With only 34 days left until the running of the 2017 Daytona 500 on FOX, it's appropriate to look at two significant aspects of the No. 34 in NASCAR history.
First and foremost, it is the car number that NASCAR Hall of Famer Wendell Scott ran for all but a very few of his 465 career starts in NASCAR's Premier Series. Scott became the first and so far only black driver to win a Premier Series race when he won at Jacksonville, Florida in December of 1963 (it counted as a win for the 1964 season).
Scott owns more starts, more top-five finishes (20) and more top-10 finishes (143) than anyone else who has ever run the No. 34 in NASCAR's top series. He was inducted into the Hall of Fame in 2015 as much for all that he overcame just to get to the race track and compete as for any results he was able to produce.
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Only three other drivers have ever won in the number, with the latest being Chris Buescher in the No. 34 Ford for owner Bob Jenkins and Front Row Motorsports last year in a fog-shortened race at Pocono. David Ragan also won once in the No. 34 Front Row Motorsports Ford at Talladega in 2013.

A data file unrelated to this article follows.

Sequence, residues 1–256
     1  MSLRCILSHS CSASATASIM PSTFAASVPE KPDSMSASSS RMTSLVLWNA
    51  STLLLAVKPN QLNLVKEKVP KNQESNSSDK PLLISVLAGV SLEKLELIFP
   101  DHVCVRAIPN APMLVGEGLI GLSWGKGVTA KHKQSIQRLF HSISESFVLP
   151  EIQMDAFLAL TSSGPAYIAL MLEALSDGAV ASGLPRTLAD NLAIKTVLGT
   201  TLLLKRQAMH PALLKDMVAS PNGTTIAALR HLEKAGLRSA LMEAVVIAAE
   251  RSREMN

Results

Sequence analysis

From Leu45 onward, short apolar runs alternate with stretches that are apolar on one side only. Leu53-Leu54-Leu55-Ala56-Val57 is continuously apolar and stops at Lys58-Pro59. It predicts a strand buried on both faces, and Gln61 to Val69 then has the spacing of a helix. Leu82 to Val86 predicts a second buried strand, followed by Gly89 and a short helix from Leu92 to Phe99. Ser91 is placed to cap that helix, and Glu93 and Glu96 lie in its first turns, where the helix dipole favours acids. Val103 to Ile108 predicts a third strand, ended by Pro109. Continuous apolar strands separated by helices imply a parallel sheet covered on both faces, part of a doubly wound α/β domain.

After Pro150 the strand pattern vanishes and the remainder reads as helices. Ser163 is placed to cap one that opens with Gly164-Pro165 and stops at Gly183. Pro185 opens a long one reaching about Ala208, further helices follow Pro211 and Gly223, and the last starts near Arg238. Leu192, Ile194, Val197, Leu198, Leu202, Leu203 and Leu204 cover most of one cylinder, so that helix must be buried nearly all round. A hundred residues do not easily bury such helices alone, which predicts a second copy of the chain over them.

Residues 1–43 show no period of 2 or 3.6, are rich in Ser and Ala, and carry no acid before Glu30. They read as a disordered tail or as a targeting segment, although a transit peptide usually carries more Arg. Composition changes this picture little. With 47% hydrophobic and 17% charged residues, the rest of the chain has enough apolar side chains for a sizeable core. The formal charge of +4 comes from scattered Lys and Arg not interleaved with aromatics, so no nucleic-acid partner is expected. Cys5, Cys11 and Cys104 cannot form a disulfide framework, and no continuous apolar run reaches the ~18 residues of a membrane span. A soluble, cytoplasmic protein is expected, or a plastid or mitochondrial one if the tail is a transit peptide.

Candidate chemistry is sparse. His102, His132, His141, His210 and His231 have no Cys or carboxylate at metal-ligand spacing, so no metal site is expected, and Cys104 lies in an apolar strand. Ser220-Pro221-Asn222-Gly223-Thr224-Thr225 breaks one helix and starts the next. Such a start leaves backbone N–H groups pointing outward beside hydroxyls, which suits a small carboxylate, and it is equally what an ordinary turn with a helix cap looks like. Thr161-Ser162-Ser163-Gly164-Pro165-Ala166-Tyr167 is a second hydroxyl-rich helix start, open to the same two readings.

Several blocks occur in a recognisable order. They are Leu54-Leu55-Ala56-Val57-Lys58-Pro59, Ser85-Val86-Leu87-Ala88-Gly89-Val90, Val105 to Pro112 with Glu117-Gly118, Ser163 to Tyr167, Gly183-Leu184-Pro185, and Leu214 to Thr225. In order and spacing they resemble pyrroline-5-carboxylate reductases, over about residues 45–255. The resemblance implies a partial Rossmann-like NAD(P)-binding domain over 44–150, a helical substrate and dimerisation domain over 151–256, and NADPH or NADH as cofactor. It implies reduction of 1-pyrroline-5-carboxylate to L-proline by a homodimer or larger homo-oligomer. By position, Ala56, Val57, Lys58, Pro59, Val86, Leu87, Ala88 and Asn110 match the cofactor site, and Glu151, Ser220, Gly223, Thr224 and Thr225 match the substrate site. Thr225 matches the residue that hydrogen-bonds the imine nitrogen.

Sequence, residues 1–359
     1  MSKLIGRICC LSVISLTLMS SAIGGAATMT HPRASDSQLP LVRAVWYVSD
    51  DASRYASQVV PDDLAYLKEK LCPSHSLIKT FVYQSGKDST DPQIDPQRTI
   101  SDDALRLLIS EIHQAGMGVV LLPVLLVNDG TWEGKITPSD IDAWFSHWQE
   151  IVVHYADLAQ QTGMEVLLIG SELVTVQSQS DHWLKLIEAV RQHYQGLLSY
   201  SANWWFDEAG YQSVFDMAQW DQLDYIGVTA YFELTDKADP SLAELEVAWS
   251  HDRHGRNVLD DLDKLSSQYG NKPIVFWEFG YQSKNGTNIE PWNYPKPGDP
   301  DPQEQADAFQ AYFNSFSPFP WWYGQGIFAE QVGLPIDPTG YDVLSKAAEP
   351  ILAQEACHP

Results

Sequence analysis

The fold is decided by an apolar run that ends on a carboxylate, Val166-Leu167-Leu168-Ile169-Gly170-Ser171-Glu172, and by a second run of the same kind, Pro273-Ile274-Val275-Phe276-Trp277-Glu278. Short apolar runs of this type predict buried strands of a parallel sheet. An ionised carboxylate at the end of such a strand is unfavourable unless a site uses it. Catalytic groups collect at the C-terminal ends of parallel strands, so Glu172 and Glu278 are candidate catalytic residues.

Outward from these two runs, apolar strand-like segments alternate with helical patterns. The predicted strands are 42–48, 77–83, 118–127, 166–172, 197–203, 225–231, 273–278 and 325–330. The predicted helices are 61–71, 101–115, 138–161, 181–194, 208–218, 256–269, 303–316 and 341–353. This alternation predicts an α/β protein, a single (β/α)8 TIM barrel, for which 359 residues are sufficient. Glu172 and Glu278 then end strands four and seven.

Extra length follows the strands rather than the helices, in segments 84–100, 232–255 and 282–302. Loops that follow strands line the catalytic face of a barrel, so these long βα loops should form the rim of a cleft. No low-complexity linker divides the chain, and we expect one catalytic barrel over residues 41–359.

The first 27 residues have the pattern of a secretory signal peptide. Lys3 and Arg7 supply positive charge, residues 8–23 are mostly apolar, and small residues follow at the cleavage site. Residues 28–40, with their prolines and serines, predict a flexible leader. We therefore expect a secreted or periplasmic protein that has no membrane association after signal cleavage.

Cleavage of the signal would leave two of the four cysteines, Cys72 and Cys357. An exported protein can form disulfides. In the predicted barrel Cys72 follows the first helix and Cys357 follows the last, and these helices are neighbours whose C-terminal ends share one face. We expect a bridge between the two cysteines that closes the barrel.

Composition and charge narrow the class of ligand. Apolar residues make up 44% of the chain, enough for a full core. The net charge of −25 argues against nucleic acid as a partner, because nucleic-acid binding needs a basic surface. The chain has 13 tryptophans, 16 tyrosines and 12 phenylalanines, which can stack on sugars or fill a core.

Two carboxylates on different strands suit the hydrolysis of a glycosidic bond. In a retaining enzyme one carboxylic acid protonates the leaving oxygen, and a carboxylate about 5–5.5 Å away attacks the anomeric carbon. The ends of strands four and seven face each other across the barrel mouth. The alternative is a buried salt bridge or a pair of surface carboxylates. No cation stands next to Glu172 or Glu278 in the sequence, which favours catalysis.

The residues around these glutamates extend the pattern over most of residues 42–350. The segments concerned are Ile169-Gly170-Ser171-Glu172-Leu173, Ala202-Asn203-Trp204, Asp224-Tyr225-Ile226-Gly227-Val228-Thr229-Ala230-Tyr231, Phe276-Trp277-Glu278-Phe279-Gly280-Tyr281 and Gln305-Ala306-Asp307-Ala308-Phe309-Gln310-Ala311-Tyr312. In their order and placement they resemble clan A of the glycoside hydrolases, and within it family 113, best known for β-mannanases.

The only other driver to ever win in the number was Jim Roper, who won one of two career starts.
The other significant historical tie the number has in NASCAR relates to the 34th running of the Daytona 500, when Davey Allison won by leading 127 of 200 laps in 1992. Allison thus joined his father, Bobby, as a Daytona 500 champion. To this day, they remain the only other father-son duo besides Lee Petty and Richard Petty to have gone to Victory Lane in NASCAR's most prestigious race.